Satyam Fiasco

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Published on January 20, 2009

Author: Ulhas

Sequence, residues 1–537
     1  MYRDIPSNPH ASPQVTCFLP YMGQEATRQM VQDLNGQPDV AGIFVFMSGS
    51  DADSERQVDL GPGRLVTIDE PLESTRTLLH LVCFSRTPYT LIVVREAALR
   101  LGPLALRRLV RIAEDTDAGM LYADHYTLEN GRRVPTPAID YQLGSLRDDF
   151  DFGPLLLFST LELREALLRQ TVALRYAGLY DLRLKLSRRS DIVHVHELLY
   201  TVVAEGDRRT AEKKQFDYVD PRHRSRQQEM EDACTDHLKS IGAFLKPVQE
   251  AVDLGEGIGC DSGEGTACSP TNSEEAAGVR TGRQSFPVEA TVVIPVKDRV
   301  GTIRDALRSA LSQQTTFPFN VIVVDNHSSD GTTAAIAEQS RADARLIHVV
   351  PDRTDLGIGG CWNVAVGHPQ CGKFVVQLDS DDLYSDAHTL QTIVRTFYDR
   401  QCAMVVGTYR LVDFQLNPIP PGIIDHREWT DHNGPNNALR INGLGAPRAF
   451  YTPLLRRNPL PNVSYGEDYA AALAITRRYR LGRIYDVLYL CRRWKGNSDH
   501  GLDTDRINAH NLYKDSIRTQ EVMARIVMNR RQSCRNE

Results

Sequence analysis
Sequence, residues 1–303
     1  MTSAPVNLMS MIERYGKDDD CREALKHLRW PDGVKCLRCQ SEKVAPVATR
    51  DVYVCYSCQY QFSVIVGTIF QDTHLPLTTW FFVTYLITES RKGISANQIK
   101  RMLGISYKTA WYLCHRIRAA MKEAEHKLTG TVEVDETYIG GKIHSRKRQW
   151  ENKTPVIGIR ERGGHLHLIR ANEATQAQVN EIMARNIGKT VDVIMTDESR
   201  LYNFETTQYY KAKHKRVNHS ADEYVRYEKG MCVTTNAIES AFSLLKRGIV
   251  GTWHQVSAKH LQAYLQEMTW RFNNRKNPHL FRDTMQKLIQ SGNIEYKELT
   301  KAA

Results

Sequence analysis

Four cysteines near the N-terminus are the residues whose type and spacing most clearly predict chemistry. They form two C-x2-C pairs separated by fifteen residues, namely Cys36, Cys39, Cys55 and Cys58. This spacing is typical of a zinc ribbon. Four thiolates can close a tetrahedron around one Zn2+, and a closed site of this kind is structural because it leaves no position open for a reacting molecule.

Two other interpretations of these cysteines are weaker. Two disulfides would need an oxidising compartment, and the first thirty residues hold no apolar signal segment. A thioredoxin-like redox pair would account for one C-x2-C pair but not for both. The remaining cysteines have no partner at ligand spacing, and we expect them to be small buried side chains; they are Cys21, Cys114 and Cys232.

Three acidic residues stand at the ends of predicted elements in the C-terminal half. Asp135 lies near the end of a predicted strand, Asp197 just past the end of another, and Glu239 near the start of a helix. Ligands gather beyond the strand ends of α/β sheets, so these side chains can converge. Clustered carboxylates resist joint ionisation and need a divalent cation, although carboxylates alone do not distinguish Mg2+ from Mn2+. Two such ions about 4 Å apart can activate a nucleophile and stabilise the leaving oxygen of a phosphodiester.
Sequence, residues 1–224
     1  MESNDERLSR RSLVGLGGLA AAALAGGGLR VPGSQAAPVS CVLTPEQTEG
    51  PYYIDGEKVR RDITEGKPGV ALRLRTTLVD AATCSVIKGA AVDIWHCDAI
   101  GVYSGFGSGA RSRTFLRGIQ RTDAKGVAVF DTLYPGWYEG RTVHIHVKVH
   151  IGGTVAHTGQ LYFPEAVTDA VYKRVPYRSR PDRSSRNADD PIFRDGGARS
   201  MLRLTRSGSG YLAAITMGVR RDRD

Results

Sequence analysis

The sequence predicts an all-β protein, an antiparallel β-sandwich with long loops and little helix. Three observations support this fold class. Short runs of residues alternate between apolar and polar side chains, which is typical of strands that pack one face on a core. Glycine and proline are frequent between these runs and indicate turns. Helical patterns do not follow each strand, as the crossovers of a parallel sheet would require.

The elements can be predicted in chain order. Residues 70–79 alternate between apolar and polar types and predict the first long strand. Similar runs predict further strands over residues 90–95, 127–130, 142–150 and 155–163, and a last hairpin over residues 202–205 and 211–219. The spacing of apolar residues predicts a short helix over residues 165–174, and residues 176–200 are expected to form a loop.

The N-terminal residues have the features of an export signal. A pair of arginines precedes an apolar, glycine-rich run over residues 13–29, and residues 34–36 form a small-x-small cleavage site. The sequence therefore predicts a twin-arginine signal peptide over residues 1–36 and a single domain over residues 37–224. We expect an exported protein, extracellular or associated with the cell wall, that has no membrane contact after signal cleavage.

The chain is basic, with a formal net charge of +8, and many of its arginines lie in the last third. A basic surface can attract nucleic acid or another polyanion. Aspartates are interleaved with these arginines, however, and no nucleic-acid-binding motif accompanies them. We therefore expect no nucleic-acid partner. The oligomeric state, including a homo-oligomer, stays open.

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Satyam Fiasco : 19th Jan. 2009 Ulhas D. Wadivkar 1 Satyam Fiasco Raju Raju sat on the wall,Raju Raju had a great fall,Balance sheet died,Shareholders cried,Raju Raju made a fraud. Raju RajuYes Baba,Cheating usNo Baba,Telling LiesNo Baba,Open the balance sheetHA! HA! HA! Poet – Unknown & Not me Raju’s Letter to the Board -1 : 19th Jan. 2009 Ulhas D. Wadivkar 2 Raju’s Letter to the Board -1 To the Board of Directors, From: B. Ramalingam Raju Satyam Computer Services Ltd., Chairman, SCS Ltd., Dear Board Members, It is with deep regret, and tremendous burden that I am carrying on my conscious, that I would like to bring the following facts to your notice: The balance Sheet carries as of September, 30, 2008: Inflated ( non-existent) Cash and Bank balance of Rs. 5,040 Crores ( as against Rs. 5361 Crores reflected in the books) Raju’s Letter to the Board - 2 : 19th Jan. 2009 Ulhas D. Wadivkar 3 Raju’s Letter to the Board - 2 b) An accrued interest of Rs. 376 Crores which is non-existent. An understated liability of Rs. 1,230 Crores on account of funds arranged by me. An over stated debtors position of Rs. 490 crores ( as against Rs. 2651 reflected in the books) For the September Q2, we reported a revenue of Rs. 2700 Crores and an operating margin of Rs. 649 Crores (24% of revenues) as against the actual revenues of Rs. 2,112 Crores and an actual operating margin of Rs.61 Crores ( 3% of revenues). This has resulted in artificial cash & bank balances going up by Rs. 588 Crores in Q2 alone. The gap in Balance sheet has arisen purely on account of inflated profits over a period of last several years ( limited only to Satyam standalone, books of subsidiaries reflecting true performance). What started as a marginal gap between actual operating profit and the one reflected in the books of accounts continued to grow over the years. It has attained un manageable proportions as the size of the company operations grew significantly. (annualized revenue run rate of Rs. 11,276 Crores in the September quarter, 2008 and official reserves of rs.8,392 Crores). The differential in the real profits and the one reflected in the books was further accentuated by the fact that the company had to carry additional resources and the assets to justify higher level of operations – thereby significantly increasing the costs. Every attempt made to eliminate the gap failed. As the promoters held a small percentage of equity, the concern was that poor performance would result in a take-over, thereby exposing the gap. It was like riding a Tiger, not knowing how to get off. Raju’s Letter to the Board - 3 : 19th Jan. 2009 Ulhas D. Wadivkar 4 Raju’s Letter to the Board - 3 The aborted Mayatas acquisition deal was the last attempt to fill the fictitious assets with real ones. Maytas’ investors were convinced that this is a good divestment opportunity and a strategic fit. Once Satyam’s problem was solved, it was hoped that Maytas’ payments can be delayed. But that was not to be. What followed in the last several days is common knowledge. I would like Board to know: That neither myself, nor the managing Director (including our spouses) sold any shares in the last eight years-excepting for a small portion declared and sold for philanthropic purpose. That in the last two years a net amount of Rs. 1,230 Crores was arranged to Satyam ( not reflected in the books of Satyam) to keep the operations going by resorting to pledging all the promoter shares and raising funds from known sources by giving all kinds of assurances ( Statement enclosed). Significant dividend payments, acquisitions, capital expenditures to provide for growth did not help matters. Every attempt was made to keep the wheel moving and to ensure prompt payments of salaries to the associates. The last straw was the selling of most of the pledged shares by the lenders on account of margin triggers. That neither me, nor the Managing Director took even one rupee / dollar from the company and have benefitted in financial terms on account of the inflated results. Non of the board members, past or present, have any knowledge of the situation in which the company is placed. Even the business leaders and senior executives the in the company, such as Ram Mynampati, Subbu D, T R Anand, Keshab Panda, Virender Agarwal, A S Murthy, Hari T, S V Krishnan, Vijay Prasad, Manish Mehta, Murali V, Sriram Papani, Kiran kavale, Joe Lagioia, Ravindra Penumetsa, Jayaraman and Prabhakar Gupta are unaware of the real situation as against books of accounts. None of my or Managing Direstor’s immidiate or extended family members has any idea about these issues. Raju’s Letter to the Board - 4 : 19th Jan. 2009 Ulhas D. Wadivkar 5 Raju’s Letter to the Board - 4 Having put these facts before you, I leave it to the wisdom of the board to take the matters forward. However, I am also taking the liberty to recommend the following steps: 1. A task force has been formed in the last few days to address the situation arising out of the failed Maytas acquisition attempt. This consisits of some of the most accopmlished leaders of Satyam” Subbu D, T R Anand, Keshab Panda, and Virendra Agarwal, representing business functions and A S Murthy, Hari T, and Murali V representing support functions. I suggest that Ram Mynampati be made the chairman of this task Force to immidiately address some of the operational matters on hand. Ram can also act as interim CEO reporting to the board. Merrill Lynch can be entrusted with the task of quickly exploring some merger opportunities. You may have a restatement of accounts prepared by the auditors in light of the facts I have placed before you. I have promoted and have been associated with Satyam for well over twenty years now. I have seen it grow from few people to 53,000 people, with 185 Fotune 500 companies as customers and operations in 66 countries. Satyam has established excellent leadership and competency base at all levels. I sincerely apologise to all Satyamites and stakeholders, who have made Satyam a special organisation, for the current situation. I am confident they will stand by the company in this hour of crisis. Raju’s Letter to the Board - 5 : 19th Jan. 2009 Ulhas D. Wadivkar 6 Raju’s Letter to the Board - 5 In light of above, I fervently appeal to the board to hold together to take some important steps. Mr. T R Prasad is well placed to mobilise support from the Government at this crucial time. With the hope that members of the Task Force and the financial advisor, Merrill Lynch ( Now bank of America) will stand by the company at this crucial hour, I am marking copies of this statement to them as well. Under the circumstances, I am tendering my resignation as Chairman of Satyam and shall continue in this position only till such time. the current board is expended. My continuance is just to ensure enhancement of the board over the next several days or as early as possible. I am now prepared to subject myself to the Laws of the land and face consequences thereof. (B Ramalinga Raju) Copies marked to : 1. Chairman SEBI 2. Stock Exchanges Satyam - maytaS : 19th Jan. 2009 Ulhas D. Wadivkar 7 Satyam - maytaS It is not a mere coincidence that maytaS is Satyam spelt in reverse way. As spelled out in Raju’s letter it was an effort to cover-up Satyam Fiasco. . Raju wanted to acquire Maytas in order to cover up the scam he was cooking, but failed miserably. After all isn’t Maytas a part of his family business? The answer lies in Maytas’s burgeoning growth in last 6-8 years. Maytas is a 2 decade old company. However it has been doing remarkably well for last 6-7 years. Projects worth billions are riding on them. Now talking about inappropriation of Satyam’s money. Raju showed a swollen gross margin in the period of July-December by almost 600 crores. meaning swollen records by over 1000 crores in a year. So it would take him about 5 or ma maximum 6 years to show an accumulated wealth of over 5000 crores (as stated in the records- Satyam’s supposed cash reserve). Thus, it comes out from here, that Raju must be syphoning the money from Satyam to Maytas since last 6 years. And now he wanted to buy it so that he can cover up Unfortunately, his share holders made him do a ‘full monty’ Mytas – A Hole in the Ship : 19th Jan. 2009 Ulhas D. Wadivkar 8 Mytas – A Hole in the Ship It all started on 16.12.2008, when Ramalinga Raju thought, buying an infrastructure firm made sense! He, then, nailed a hole in a sinking ship Satyam was.  It is a common affair in Indian Inc to make such pointless investments to divide the dividends by manipulating profit margins. But the scale of this scam needs to take a deeper look in the fiasco Satyam created. Satyam’s Maytas bid dragged media in to it. Satyam intended to buy entire stakes in Maytas Properties for $1.3 Billion and 51% stakes in Maytas Infra for another $300 Million. Raju and his immediate family members own up to 35% stakes in Maytas. The deal was to be financed from “surplus” cash. Investors and the Fund managers were shocked that the bidding process was carried without informing them.  Raju said that the deal was in complete interest of the investors and informing them was “unnecessary”. On following days, Satyam’s share prices started falling reflecting share holders disbelief. Mytas – A Hole in the Ship : 19th Jan. 2009 Ulhas D. Wadivkar 9 Mytas – A Hole in the Ship Satyam’s share prices nosedived in U.S.A. after the bid was announced. The interrogation by investors forced Raju to reconsider his decision, which he pulled off within hours. World Bank, one of Satyam’s esteemed customers banned it from providing service for next 8 years. Satyam’s image in front of its customers, investors, and more importantly, the entire nation got dented. Share prices tumbled even further by about 16%. The aborted buy-out deal and the ban indicated that something seriously went wrong at the board level. Valuation of Maytas turned out to be fraudulent. All of the four Firms, including Merry Lynch and JP Morgan denied having done any Valuation. The move sparked row between the institutional investors from across the world and Sataym’s board members, Ultimately lawsuits followed valuation and now judicial custody of Ramaling Raju and his brother. One of company’s two independent directors T.R. Prasad defended the decision of buy-out believing it to be increasing share value, Another director Mr. Shrinivasan quit before it was too late. Vinod Dham (fouder of Pentium) was also one of the non-executive directors of Satyam who later resigned in the wake of controversy. Two days after the controversial deal, Indian government ordered separate probe in to the matter On 7th January, Ramalinga Raju wrote a letter to all the board members and SEBI, informing them about inflated cash, faked profit margins and accounting malpractices Satyam – Corporate non- Governance : 19th Jan. 2009 Ulhas D. Wadivkar 10 Satyam – Corporate non- Governance India did need a blow-out on a scale like Satyam to bring home the painful reality of the generally rotten state of corporate governance and the vicious promoter-politician nexus endemic across different sectors of the economy. It would be naive to believe in the comments by select industry leaders and select politicians that the Satyam case is one-off and that the entire Indian IT sector (or for that matter, the entire Indian business fraternity) cannot be tarred by the same paintbrush. Satyam most certainly is not a only one-off high profile situation that India has been forced to face. It is not the first one in the last 25 years, and will certainly not be the last of the high profile ones in the next few years. To start with, we must accept that Satyam is our problem and we are expected to find the solution ourselves. It may be easy to blame Price Waterhouse, that they did not perform their duties as auditors correctly. We must accept that there would be many very large audit firms, who may also be routinely turning a blind eye to the shenanigans of various promoters. We hope, that now, & perhaps finally, the regulatory systems and bodies responsible for ensuring compliance will start to function as they should have done before the Satyam blowout. Role of Independent Directors : 19th Jan. 2009 Ulhas D. Wadivkar 11 Role of Independent Directors The role of independent directors is now under close scrutiny. This has happened due to one of the less reported nexus between the Indian promoters, senior bureaucrats especially those from IAS, and senior bankers especially those from large PSUs. Retired civil servants are used as glorified liaison officers. Hopefully, the boards, in future, will be composed more on the basis of business-specific relevant competence rather than the retirement-eve titles. Independent directors of Satyam Computers, who agreed to the company's proposal of buying out two promoter-related companies, failed to be independent in 'spirit', The Satyam board, including its five independent directors had approved the founder's proposal to buy 51 per cent stake in Maytas Infrastructure and all of Maytas Properties, owned by the family members of Satyam Chairman B Ramalinga Raju. Independent directors need to be more active and directors need to maintain their independent spirit." Corporate governance should be a "principle-based" system rather than being "rule-based," In instances of larger issue of change in the entire business focus of the company, the Independent Director should take the decision to the shareholders before approving. Independent directors need to be vigilant in protecting minority interest and be `brave' enough to take adequate steps. "It is cumulative responsibility of the independent directors to protect the interest of shareholders and strategy of the organisation. Satyam & Investment Decision : 19th Jan. 2009 Ulhas D. Wadivkar 12 Satyam & Investment Decision The role of Satyam's independent directors is termed as `unpardonable‘. Acting against the interest of larger shareholders especially when the promoters themselves owned a little more than 8 per cent stake in the company and institutional investors owned more than 45 per cent. As do the independent directors on the boards. One can hardly ask for more qualified people than Vinod Dham and Krishna Palepu. But the fact that they voted in favour of the Satyam-Maytas proposal is shocking. What's the point in having independent directors if they can't guide the management on critical issues? Investors were furious about the way Satyam founders undertook the move to invest in a promoter-related company and wanted to know why the management failed to obtain prior consent of shareholders before deciding to invest, which amounted to change of `object clause' of the company. "Enforcement is important. It is no use making more and more rules and laws if you are not willing to enforce it," "Laws in India are quite strong." The investors' activism after Satyam's decision is appreciative. “It is hoped, that, after this incident most of the corporate India will behave in a reasonable fashion, In the case of Satyam's decision to acquire Maytas firms, Ramalinga Raju said the combined entity would deliver greater shareholder value. But the correct perception was that it will benefit Maytas promoters at the cost of Satyam's shareholders. This was reflected in the heavy beating Satyam's stock received after the announcement of the deal. Defending the decision, one of the company's executive said, "Satyam, as a company, was built over the years." However, it is common knowledge that it takes years to build a reputation of a company, which can be eroded overnight with one wrong move. Satyam Fiasco : 19th Jan. 2009 Ulhas D. Wadivkar 13 Satyam Fiasco It‘ was audacious, preposterous, outrageous and shocking t single event, the Satyam Computer-Maytas deal. That a promoter, with less than 9 per cent stake in his company, would have the nerve to try and transfer $1.6 billion of cash to two completely unrelated businesses owned by his sons is unthinkable. And to pass that off as a 'wonderful' opportunity! Satyam. Chairman Ramalinga Raju says he didn't anticipate investors' reactions and was surprised. In the past institutional investors in this country haven't really spoken up against corporate misbehaviour. Even Sterlite's attempt, in September this year, to transfer the high-quality aluminum business and merchant power to Malco, in return for the low-quality, high cost, copper Konkola mines, again without so much as a by-your-leave, didn't anger shareholders. In that instance too, the promoters were enriching themselves, at the cost of minority shareholders, but no mutual fund really said so. There have been numerous other instances, admittedly of smaller consequence, that should have provoked mutual funds to ask questions. Now, the same institutional shareholders have found their tongues. This time, their stake is big - just over 50 per cent. Also, they realise how vulnerable and helpless they are because, had Ramalinga Raju wanted, he could have pushed through the deal. And no one could have stopped him, because the board had voted unanimously. Institutional investors have their own vested interests. It's well-known that there are back-to-back arrangements between mutual funds and corporations: Funds buy into the firm's stock in return for investments in their income schemes. Instances of stock being dumped just before the bad news is out or shares being snapped up before the good news is flashed aren't always 'coincidental." But now it's time institutional shareholders got together to show promoters that they simply cannot get away with this kind of behaviour. In India it only needs a 10 per cent stake to call an EGM. The shareholders need to fight this one out. If they let Satyam off the hook, Indian promoters will continue to believe they can get away with anything. As it is, most managements in India have scant regard for even the basics of corporate governance or respect for minority shareholders. Managements should be asked to take shareholders into confidence for any unrelated diversification, with the definition of 'unrelated' clearly spelt out. Satyam & PWC : 19th Jan. 2009 Ulhas D. Wadivkar 14 Satyam & PWC “It is hard to believe that he (Raju) was the lone perpetrator all along. In any company, the CFO (chief financial officer) and financial committee members would have full access to balance sheet details,”. Satyam has a presence in 66 countries and is listed on the New York Stock Exchange (NYSE).“A company filing returns in the US according to (its) Security Exchange Commission (SEC) guidelines could not have done this without the cognizance of key executives,” “It’s impossible to go by the claim that none of the board members had any clue about the inconsistencies in Satyam’s balance sheet; if the fraud went on for ’several years’, it won’t be wrong to rule out that most of them, if not all, had some idea about the happenings.” Fingers are also being pointed at the possibility of the auditors Price Waterhouse Coopers (PWC) being hand in glove with the conspirators in the multi-crores scam. It is highly unlikely auditors did not have any idea about the scam brewing for so many years. Auditors will have to be scrutinised. PWC can only be unaware of the loose balance sheet if Raju forged and doctored documents to support fraudulent claims. Credibility of audit firms has come into question as the amount was too big for any audit firm not to notice. If the audit firm claims that they didn’t know about then their capabilities would come under the scanner, The audits were conducted by Price Waterhouse Cooper in accordance with applicable auditing standards and were supported by appropriate audit evidence," the firm said in a statement. As per Satyam's accounts, vetted by Price Waterhouse, auditors were paid Rs 3.73 crore during 2007-08 as against Rs 3.67 crore in the previous fiscal. During this period, their "reimbursement of out of pocket expenses" went up from Rs one lakh to Rs five lakh. Satyam & PWC : 19th Jan. 2009 Ulhas D. Wadivkar 15 Satyam & PWC The auditor's report, signed on April 21, 2008, by Price Waterhouse partner Srinivas Talluri, said: "... We have neither come across any instance of fraud on or by the company (Satyam), noticed or reported during the year, nor we have been informed of such case by the management." The auditor's report also said: "These (Satyam's) financial statements are the responsibilities of the company's management. Our responsibility is to express an opinion on these financial statements based on our audit. "We conducted our audit in accordance with the auditing standards generally accepted in India. Those standards require that we plan and perform the audit to obtain reasonable assurance about whether the financial statements are free of material mis-statments," it said. While Raju in his statement to the board and SEBI had disclosed that he was quitting because of the failure in bridging the gap between fictitious and real assets, the auditors' report said that the company was maintaining proper records, showing full particulars, including quantitative details and situations of fixed assets. Unprecedented changes in the accounting profession and professional services in general mean the current approach to safeguarding shareholder interests as well as the other stakeholders of the modern publicly traded global enterprise is no longer efficient nor effective. Who Guards the Guardians? : 19th Jan. 2009 Ulhas D. Wadivkar 16 Who Guards the Guardians? Satyam had been hunting for a buyer for a while. These same reports cited Tech Mahindra and HCL as possible suitors. HT learnt that these companies raised serious questions about the authenticity of Satyam’s books and sought clarifications. This may have forced Raju’s hands. Merrill Lynch was hired to advise on alternatives to a recent failed acquisition of a firm called Maytas. But, they may have known what's up. And resigned the engagement, prior to the Raju’s stunning disclosure. In the Satyam affair, where was the billion of missing cash, and why didn’t the auditors catch the discrepancy? Satyam was audited by a Big Four firm – PwC. However, if fraud is involved in the Satyam affair, there may be an argument that the audit firm was defrauded as well." There is complicity, incompetence or both with either the auditors or their customers or both. Inadequate procedures over confirmation indicates that, the auditors missed something really big.“ Price Waterhouse gave wrong PAN to Satyam, as it turns out, PWC gave Their Bangalore PAN Number to Satyam instead of New Delhi. PWC Hyderabad falls in New Delhi jurisdiction PWC Letter to New Satyam Board -1 : 19th Jan. 2009 Ulhas D. Wadivkar 17 PWC Letter to New Satyam Board -1 In a letter to the BSE, and addressed to the new Satyam (SATYAM) board, Pricewaterhouse Coopers (PwC) has stressed that their audit reports for the audit period June 2000 to September 2008, should not be relied upon.    The firm has handed over the blame to the then Satyam management, saying that it placed reliance on management controls over financial reporting, and the information and explanations provided by the management, as also the verbal and written representations made to us during the course of our audits . A reproduction of the letter s text is given below:   Dear Sirs,  Re:      Our audit of your financial statements    1.         As statutory auditors, we performed audits of Satyam Computer Services Limited (the "Company") from the quarter ended June 2000 until the quarter ended September 30, 2008 ("Audit Period"). 2.         The above-referred financial statements were prepared by the management of the Company. We planned and performed the required audit procedures on such financial statements, and examined the books and records of the Company produced before us by the Company management.   4 We placed reliance on management controls over financial reporting, and the information and explanations provided by the management, as also the verbal and written representations made to us during the course of our audits. PWC Letter to New Satyam Board -2 : 19th Jan. 2009 Ulhas D. Wadivkar 18 PWC Letter to New Satyam Board -2 5. As you are aware, vide a letter dated January 7, 2009 {"Chairman's Letter") addressed to the erstwhile Board of Directors of the Company, the former Chairman of the Company, Mr. Ramalinga Raju has stated that the financial  statements of the Company have been inaccurate for successive years.  The contents of the said letter, even if partially accurate, may have a material effect (which effect is currently unknown and cannot be quantified without a thorough investigation) on the veracity of the Company's financial statements presented to us during the Audit Period. Consequently, our opinions on the financial statements may be rendered inaccurate and unreliable, a copy of the Chairman's Letter, extracted from the official website of the National Stock Exchange is annexed hereto as Annexure A, for the sake of record.   6. The ICAI has issued a guidance note on revision of audit reports in January 2003 ("Guidance Note") which prescribes steps to be followed by the auditor to prevent reliance on audit reports in such circumstances.  In view of the contents of the letter our audit reports and opinions in relation to the financial statements for the Audit Period should no longer be relied upon. 7. Such a requirement is also prescribed under the generally accepted accounting standards in the United States, where, as you are aware, the American Depository Receipts of the Company are listed.   We wish to inform you that pursuant to Section 10A of the United States Securities and Exchange Act of 1934, the information contained in the Chairman's Letter indicates that an illegal act could have occurred.  Accordingly, we advise that the Board of Directors of the Company should promptly commence an independent investigation pursuant to Section I0A of the United States Securities and Exchange Act of 1934 in order to determine whether such illegal acts occurred and, if so, the nature and extent of such acts, PWC Letter to New Satyam Board -3 : 19th Jan. 2009 Ulhas D. Wadivkar 19 PWC Letter to New Satyam Board -3 8.  We hope to work with the Company and provide assistance to the new Board of Directors to address any issues that arise in the course of such investigation, to enable both the Company and us as your statutory auditors to fulfill obligations under applicable law.   9 We wish to advise that the Company should promptly notify any person or entity that is known to be relying upon or is likely to rely upon our audit report that our audit opinion should no longer be retted upon.   10.  Consequently, such notification should be made to at least the Company's shareholders, lenders, creditors, Indian regulatory authorities and the United   11. States Securities and Exchange Commission, and indeed to all stock exchanges, whether in India or abroad, where the securities of the Company are listed.  We expect such notification would be made promptly and request that the Company advise us as soon as the notification has been made. Since we are required under the Guidance Note to mark a copy of this letter to the relevant regulatory authorities, we have done so